Construction on Galloway is scheduled to begin immediately following the end of the 2018 Spring semester, but will not be finished until fall of 2020. This means the men of Galloway will be “exiled,” as the Associate Dean of Men Jeffery Rogers put it, for an entire year before they can return to their “homedorm.”
In planning for the renovations, the deans spoke with the student leaders within Galloway about what they wanted to see in their new home.
The new Galloway will feature more study areas and common areas and will keep its communal bathrooms. It will also include a new outdoor hangout space where residents can continue to host their weekly Thursday gatherings. This is a tradition which usually involves a bonfire, grilled meat, cigars, and an eclectic mix of Frank Sinatra and Taylor Swift music.
In the interim, most of Galloway’s current residents will move into Whitley Residence, which is currently a female residence. Meanwhile Whitley residents will move to the new unnamed women’s dorm, according to Carolyn Milligan, assistant to the vice-president of student affairs.
However, Whitley can house only 49 of Galloway’s current 88 residents, so some residents will have to move into off campus housing.
“Galloway dorm has a lot of guys that have really been blessed with living there,” Rogers said. “There is a sadness and an excitement in them. They know they will never be able to back to Galloway as it is, but there is an excitement because it will be new.”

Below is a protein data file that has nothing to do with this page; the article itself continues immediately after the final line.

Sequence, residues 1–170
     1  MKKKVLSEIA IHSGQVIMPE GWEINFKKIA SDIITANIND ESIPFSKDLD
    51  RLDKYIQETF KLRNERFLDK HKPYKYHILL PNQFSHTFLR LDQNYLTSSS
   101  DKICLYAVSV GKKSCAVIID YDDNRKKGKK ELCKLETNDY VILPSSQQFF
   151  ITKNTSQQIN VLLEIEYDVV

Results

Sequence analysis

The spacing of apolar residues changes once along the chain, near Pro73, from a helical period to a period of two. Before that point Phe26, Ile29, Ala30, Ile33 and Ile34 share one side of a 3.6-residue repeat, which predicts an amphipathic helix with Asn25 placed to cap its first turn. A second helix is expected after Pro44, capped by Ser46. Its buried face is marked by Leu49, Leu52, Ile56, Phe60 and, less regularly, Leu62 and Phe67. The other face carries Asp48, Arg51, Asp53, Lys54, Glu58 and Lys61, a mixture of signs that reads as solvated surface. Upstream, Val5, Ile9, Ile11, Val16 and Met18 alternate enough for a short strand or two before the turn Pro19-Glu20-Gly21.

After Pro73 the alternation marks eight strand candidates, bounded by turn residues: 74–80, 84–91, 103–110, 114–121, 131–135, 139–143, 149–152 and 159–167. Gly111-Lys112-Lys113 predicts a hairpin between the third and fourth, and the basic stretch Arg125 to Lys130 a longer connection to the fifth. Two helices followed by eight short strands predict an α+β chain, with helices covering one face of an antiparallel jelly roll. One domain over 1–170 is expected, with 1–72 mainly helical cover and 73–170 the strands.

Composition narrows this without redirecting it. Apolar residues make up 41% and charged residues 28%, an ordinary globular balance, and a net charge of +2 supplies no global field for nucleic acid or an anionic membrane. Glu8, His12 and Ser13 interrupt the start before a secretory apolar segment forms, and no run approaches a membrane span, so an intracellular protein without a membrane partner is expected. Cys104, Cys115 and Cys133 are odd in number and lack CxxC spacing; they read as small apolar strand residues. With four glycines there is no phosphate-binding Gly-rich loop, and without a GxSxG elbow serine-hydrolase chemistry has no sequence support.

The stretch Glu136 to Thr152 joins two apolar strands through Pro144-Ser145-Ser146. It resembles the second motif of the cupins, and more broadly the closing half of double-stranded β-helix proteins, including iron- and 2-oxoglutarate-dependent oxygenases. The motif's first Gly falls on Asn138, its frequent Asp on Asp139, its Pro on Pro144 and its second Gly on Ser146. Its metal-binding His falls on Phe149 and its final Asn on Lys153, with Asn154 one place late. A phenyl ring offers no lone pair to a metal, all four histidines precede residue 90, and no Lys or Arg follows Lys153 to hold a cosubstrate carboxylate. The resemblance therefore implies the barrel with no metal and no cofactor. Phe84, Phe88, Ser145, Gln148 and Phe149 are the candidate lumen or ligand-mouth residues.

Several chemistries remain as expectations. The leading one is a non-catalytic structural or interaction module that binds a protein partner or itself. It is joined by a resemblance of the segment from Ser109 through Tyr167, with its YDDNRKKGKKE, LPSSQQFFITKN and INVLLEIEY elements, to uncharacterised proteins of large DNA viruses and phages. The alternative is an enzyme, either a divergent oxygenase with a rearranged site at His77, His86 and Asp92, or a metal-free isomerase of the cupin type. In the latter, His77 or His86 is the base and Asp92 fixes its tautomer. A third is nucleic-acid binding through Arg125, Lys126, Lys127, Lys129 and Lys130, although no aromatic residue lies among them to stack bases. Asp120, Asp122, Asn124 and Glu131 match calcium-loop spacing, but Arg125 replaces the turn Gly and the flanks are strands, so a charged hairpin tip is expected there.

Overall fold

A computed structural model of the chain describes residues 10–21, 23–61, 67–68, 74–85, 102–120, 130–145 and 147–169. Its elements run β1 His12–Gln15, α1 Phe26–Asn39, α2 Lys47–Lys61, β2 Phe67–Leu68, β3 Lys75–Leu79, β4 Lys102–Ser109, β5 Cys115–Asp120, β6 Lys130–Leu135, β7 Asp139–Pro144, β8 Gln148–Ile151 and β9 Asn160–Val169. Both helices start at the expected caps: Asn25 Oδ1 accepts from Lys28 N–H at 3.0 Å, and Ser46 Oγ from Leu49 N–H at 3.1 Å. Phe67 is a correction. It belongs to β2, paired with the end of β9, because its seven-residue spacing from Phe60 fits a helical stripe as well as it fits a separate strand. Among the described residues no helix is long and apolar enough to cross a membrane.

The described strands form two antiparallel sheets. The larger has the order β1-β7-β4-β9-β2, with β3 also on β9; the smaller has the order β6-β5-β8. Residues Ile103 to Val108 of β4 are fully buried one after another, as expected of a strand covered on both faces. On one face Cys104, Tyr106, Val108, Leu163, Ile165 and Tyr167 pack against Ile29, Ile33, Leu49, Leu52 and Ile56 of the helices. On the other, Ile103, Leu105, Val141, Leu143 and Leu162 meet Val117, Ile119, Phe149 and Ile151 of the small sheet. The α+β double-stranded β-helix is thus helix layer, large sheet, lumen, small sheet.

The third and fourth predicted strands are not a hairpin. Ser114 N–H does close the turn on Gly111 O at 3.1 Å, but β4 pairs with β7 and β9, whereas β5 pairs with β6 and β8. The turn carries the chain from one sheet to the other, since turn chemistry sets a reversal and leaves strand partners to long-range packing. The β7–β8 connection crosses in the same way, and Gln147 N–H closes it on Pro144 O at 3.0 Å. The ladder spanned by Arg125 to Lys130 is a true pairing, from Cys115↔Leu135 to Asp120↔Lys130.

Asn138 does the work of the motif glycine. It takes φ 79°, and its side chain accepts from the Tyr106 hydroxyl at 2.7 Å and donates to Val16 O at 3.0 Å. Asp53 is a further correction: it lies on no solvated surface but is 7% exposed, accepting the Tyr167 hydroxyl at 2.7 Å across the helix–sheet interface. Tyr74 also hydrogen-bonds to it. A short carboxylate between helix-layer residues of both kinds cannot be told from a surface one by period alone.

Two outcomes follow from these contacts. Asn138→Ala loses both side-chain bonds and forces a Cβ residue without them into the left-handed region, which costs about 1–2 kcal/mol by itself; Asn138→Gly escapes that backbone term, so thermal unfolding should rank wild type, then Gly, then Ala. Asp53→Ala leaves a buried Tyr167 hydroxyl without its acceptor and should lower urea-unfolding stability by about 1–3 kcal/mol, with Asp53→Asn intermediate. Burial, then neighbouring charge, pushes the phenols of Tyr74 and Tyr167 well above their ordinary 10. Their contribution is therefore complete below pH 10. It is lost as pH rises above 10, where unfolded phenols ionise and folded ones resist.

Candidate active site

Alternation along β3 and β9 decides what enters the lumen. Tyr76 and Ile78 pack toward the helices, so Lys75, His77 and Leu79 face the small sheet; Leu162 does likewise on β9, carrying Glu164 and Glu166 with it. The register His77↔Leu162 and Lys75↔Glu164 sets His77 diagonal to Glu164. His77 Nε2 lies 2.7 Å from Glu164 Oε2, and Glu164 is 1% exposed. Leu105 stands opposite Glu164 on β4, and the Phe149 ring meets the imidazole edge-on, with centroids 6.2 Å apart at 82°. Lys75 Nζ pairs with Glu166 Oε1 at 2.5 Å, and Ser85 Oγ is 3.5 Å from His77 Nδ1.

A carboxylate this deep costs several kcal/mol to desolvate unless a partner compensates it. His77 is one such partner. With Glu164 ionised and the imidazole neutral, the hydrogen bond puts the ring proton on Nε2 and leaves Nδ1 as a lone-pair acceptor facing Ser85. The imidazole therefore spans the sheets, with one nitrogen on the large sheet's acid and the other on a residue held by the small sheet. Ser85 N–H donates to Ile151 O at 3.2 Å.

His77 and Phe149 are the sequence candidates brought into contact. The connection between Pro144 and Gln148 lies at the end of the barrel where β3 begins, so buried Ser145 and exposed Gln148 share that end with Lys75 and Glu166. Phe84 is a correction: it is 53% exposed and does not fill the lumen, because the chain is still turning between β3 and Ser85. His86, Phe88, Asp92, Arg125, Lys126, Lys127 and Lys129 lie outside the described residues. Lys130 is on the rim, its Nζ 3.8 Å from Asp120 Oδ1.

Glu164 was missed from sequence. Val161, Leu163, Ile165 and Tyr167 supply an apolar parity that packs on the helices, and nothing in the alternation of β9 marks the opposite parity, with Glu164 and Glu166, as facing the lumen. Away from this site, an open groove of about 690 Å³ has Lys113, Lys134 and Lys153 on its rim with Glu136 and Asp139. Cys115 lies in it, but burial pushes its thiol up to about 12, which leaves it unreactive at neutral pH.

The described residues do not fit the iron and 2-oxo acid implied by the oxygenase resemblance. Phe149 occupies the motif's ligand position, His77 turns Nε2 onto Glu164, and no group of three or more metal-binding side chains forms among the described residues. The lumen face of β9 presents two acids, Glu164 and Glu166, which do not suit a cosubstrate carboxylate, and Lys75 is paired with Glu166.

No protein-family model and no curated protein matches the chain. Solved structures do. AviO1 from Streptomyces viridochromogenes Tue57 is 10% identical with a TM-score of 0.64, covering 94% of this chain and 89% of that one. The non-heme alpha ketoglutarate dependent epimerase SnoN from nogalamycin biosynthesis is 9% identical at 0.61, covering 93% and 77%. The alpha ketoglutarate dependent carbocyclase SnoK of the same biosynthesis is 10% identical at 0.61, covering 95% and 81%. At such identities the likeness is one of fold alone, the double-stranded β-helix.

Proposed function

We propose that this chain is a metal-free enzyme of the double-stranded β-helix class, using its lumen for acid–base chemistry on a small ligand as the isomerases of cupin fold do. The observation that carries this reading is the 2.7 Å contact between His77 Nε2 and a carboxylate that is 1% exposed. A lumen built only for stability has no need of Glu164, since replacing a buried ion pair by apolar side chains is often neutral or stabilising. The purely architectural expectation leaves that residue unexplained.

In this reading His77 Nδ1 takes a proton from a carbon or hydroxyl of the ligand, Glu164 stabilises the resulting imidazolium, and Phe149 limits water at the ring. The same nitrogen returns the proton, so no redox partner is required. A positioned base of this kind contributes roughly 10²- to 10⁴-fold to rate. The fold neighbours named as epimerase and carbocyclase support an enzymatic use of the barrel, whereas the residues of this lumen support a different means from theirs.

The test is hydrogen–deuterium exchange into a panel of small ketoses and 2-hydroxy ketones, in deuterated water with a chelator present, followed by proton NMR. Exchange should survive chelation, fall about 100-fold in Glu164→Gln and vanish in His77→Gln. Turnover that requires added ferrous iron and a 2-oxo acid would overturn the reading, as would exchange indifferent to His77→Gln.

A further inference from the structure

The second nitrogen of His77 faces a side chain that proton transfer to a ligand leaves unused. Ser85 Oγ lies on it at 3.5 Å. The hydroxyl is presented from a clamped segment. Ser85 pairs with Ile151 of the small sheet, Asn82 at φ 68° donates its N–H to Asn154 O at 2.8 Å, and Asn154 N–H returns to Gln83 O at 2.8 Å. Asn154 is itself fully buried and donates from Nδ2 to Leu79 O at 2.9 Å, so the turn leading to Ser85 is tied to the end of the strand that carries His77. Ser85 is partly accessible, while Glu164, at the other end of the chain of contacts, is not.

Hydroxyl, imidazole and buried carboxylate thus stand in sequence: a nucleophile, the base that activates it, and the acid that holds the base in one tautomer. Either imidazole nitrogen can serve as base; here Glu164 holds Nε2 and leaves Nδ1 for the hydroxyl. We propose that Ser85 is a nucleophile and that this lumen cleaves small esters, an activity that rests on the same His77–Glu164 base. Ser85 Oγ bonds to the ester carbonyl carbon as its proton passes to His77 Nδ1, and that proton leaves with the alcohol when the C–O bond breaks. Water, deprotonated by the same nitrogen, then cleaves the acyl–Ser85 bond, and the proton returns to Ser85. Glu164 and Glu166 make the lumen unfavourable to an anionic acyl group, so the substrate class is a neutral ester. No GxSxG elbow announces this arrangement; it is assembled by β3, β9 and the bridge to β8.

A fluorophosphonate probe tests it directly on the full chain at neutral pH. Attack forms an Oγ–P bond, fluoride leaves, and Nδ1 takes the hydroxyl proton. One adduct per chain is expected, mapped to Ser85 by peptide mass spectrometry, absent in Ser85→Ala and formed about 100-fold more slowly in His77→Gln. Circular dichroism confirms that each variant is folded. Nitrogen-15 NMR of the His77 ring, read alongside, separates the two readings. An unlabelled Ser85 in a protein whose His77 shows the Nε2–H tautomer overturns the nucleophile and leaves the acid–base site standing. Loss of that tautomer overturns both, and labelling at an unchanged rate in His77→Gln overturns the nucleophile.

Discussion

Sophomore Residence Assistant Ethan Visser said he loves the quirky camaraderie and community that he has found in Galloway over the past two years, something he attributes both to the shared experience of living in the most rundown dorm on campus as well as the strength of his dorm-mate’s character.
“I think a lot of guys in Galloway are not worried about how they look and are unapologetically themselves, which is why Galloway is pretty strange,” Visser said. “But I love being a part of that, and I respect that in others. I think also faith is a big part of Galloway, and there’s a lot of humility and willingness to serve. I see a lot of all that in Galloway and also just good fun.”
He and his dorm-mates are confident that in even the coming year of construction and separation, the spirit of Galloway will remain as strong and close as ever.
“The character comes from the guys, not the building,” Visser said. “The deans are already talking to the RA’s, who will be staying about keeping up the traditions and culture. I’m not worried.”